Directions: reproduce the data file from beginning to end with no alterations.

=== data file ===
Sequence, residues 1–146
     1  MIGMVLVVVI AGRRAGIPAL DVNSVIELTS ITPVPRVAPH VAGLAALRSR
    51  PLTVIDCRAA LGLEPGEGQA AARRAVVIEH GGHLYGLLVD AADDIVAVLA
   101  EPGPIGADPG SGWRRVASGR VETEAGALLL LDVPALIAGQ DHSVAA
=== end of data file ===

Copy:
Sequence, residues 1–146
     1  MIGMVLVVVI AGRRAGIPAL DVNSVIELTS ITPVPRVAPH VAGLAALRSR
    51  PLTVIDCRAA LGLEPGEGQA AARRAVVIEH GGHLYGLLVD AADDIVAVLA
   101  EPGPIGADPG SGWRRVASGR VETEAGALLL LDVPALIAGQ DHSVAA